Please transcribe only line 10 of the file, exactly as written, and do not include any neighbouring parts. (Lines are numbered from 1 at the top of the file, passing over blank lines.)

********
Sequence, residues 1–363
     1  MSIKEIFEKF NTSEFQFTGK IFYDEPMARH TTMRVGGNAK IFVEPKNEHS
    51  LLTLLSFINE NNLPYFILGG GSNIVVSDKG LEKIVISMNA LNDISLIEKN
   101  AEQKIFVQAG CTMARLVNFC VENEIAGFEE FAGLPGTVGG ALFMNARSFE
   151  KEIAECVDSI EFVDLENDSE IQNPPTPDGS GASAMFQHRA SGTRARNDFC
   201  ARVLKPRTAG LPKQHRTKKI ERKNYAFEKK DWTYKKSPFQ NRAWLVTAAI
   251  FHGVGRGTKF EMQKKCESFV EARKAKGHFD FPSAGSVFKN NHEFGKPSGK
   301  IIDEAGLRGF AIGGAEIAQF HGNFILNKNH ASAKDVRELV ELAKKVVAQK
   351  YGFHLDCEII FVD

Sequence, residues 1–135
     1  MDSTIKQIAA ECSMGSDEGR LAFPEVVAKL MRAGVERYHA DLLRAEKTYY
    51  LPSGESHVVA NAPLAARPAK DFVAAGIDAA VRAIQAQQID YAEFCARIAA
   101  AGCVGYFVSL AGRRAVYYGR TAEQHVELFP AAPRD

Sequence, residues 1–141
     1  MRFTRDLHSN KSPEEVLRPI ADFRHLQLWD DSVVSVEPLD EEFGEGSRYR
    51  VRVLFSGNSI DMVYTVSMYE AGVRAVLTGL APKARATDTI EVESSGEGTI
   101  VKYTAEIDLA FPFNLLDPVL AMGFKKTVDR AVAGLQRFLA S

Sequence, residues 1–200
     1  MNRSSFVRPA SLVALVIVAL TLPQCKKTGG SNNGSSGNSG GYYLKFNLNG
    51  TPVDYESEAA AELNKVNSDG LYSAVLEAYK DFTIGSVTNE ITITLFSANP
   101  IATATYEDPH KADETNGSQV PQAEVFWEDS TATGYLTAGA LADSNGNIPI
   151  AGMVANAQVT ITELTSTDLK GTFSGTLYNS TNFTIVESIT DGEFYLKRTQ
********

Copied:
Sequence, residues 1–135